Mike - thanks so much for posting so clearly on a such a muddy topic. You do us a big favor.
I have a question about the "independent" 240VA protection for the 12V rails. I understand that the regulation is all done at one point, and that (except for a few supplies) all ATX units source the 12V from a single transformer, but I'm not real clear on the protection circuits for the individual 12V rails. I've been inside maybe half a dozen recent supplies from as many different manufacturers and have yet to see any form of protection on the "independent" 12V rails - no fuses, no PTC's, no FL's, nothing. Every supply had the grounds and the 12V lines brought to a single area of the main PCB and soldered together. On the modular units I looked at, some had separate "zones" in the distribution panel for the different 12V rails, but still no visible method of independent current limiting.
Have you seen an example of independent 20A/12V current limiting on recent ATX supplies? I'm wondering if ALL manufacturers didn't simply omit this part of the "recommended" spec.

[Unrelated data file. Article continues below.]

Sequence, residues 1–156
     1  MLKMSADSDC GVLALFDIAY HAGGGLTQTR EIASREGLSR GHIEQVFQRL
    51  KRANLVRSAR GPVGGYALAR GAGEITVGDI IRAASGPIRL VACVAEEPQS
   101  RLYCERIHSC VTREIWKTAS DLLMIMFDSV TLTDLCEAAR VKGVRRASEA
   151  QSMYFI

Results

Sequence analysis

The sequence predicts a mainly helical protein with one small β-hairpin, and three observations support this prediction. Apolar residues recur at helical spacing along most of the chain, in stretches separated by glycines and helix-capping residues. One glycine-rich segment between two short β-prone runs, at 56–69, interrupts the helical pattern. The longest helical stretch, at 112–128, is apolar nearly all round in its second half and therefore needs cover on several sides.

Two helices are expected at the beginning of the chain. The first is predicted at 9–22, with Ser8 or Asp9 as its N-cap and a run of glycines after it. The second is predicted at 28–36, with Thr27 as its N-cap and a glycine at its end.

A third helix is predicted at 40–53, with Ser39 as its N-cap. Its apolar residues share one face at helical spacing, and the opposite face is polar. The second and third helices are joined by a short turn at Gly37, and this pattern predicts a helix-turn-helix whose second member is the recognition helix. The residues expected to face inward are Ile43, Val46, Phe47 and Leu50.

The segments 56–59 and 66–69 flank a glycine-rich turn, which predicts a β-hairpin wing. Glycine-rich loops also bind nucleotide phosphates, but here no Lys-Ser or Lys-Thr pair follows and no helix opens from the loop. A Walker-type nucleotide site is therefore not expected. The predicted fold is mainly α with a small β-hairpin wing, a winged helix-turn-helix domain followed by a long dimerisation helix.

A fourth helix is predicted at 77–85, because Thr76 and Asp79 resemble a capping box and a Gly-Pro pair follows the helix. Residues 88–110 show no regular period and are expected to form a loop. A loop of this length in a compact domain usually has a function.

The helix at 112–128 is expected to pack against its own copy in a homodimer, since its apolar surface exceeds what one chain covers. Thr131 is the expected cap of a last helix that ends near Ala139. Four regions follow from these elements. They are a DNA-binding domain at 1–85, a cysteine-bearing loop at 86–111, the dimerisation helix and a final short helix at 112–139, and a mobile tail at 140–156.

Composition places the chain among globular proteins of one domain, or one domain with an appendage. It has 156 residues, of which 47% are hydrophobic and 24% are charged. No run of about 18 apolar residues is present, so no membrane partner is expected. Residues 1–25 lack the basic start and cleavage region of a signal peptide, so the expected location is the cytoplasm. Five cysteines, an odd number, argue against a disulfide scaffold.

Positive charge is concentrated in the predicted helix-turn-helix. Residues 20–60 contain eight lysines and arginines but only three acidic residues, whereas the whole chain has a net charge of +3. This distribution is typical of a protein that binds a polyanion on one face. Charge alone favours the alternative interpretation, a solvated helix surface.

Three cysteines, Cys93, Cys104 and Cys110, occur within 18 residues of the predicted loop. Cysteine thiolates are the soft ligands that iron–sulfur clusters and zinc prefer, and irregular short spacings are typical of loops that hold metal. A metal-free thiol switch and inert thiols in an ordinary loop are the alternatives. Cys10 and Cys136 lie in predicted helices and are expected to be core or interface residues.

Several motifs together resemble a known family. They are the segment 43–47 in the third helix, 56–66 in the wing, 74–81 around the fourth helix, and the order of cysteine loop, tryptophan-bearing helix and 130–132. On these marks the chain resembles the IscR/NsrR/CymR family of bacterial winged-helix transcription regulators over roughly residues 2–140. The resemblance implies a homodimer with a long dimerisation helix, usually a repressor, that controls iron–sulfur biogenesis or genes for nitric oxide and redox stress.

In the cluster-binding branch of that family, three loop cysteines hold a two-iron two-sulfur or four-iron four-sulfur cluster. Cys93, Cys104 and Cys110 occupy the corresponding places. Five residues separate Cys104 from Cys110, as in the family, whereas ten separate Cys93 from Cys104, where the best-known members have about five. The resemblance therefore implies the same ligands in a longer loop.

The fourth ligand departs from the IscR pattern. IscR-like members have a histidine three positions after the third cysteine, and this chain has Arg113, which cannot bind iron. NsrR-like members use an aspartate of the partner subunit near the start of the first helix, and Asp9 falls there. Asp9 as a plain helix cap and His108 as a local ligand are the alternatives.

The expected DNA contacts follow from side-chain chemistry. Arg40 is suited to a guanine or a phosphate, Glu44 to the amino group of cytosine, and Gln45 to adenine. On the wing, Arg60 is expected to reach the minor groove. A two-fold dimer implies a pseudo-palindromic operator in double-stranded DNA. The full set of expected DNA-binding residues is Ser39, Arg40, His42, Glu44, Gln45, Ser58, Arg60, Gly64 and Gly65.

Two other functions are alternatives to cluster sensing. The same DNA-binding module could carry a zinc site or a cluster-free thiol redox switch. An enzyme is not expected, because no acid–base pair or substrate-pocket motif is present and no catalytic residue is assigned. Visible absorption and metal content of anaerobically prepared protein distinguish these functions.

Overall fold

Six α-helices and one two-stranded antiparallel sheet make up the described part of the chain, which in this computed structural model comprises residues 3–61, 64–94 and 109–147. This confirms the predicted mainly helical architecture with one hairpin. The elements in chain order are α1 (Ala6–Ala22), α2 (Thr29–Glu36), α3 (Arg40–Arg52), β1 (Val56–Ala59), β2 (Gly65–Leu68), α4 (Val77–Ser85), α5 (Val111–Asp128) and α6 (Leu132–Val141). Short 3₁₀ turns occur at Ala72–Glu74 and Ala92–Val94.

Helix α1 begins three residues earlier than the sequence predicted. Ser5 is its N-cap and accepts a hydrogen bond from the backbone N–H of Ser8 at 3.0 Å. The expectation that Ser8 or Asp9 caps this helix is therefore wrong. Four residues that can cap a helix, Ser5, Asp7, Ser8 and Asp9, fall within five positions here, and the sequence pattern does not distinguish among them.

You're welcome. I expect that not all points are covered by my piece, simply because different mfgs are taking varying approaches to the problem as they keep increasing the power capacity. I refer to the many >700W PSUs that are now being flogged. IMO, those PSUs (and their marketing depts) should be flogged. Oh, and let's not let the vidcard makers off the hook -- ATI and nVidia need to be lined up as well.
As to whether the 240VA current limiting is really there, yes, it is, in some but certainly not all PSUs. We've had a couple instances in the lab where we managed to exceed 20A on a 12V line and caused the PSU protection circuit to trip. Off the top of my head, I can't recall which make/model. It's certainly not a fuse, it's some kind of auto-reset device. Turning the PSU off, removing or lowering the load and then powering it back up clears the problem.
We've had many more instances where the total 12V load exceeded the total rated 12V current -- ie, generally at near maximum load -- and tripped the current limiter/protection. You can tell it's that because if the load is redistributed to that the 5 and 3.3V lines take more of it and the 12V load is reduced while the total power draw is kept the same, the protection does not trip.
In any case, going back to the safety issue, I doubt very much that you could exceed 240VA off a single wire set. The only ones you might be able to do it with are the AUX12V and PCIe power connectors. And even there, the odds are very low; 240W is a LOT
for any CPU or video card to draw for any length of time -- even in a momentary peak. I don't believe there are any CPUs or GPUs being made today that can pull that kind of power.
What about dual vidcards, you say, or dual CPUs? Well, the number of cable sets automatically doubles -- you need a 4x12V for dual CPU and twp 6-pin (or 8-pin) PCIe connectors, which are always one plug to a lead.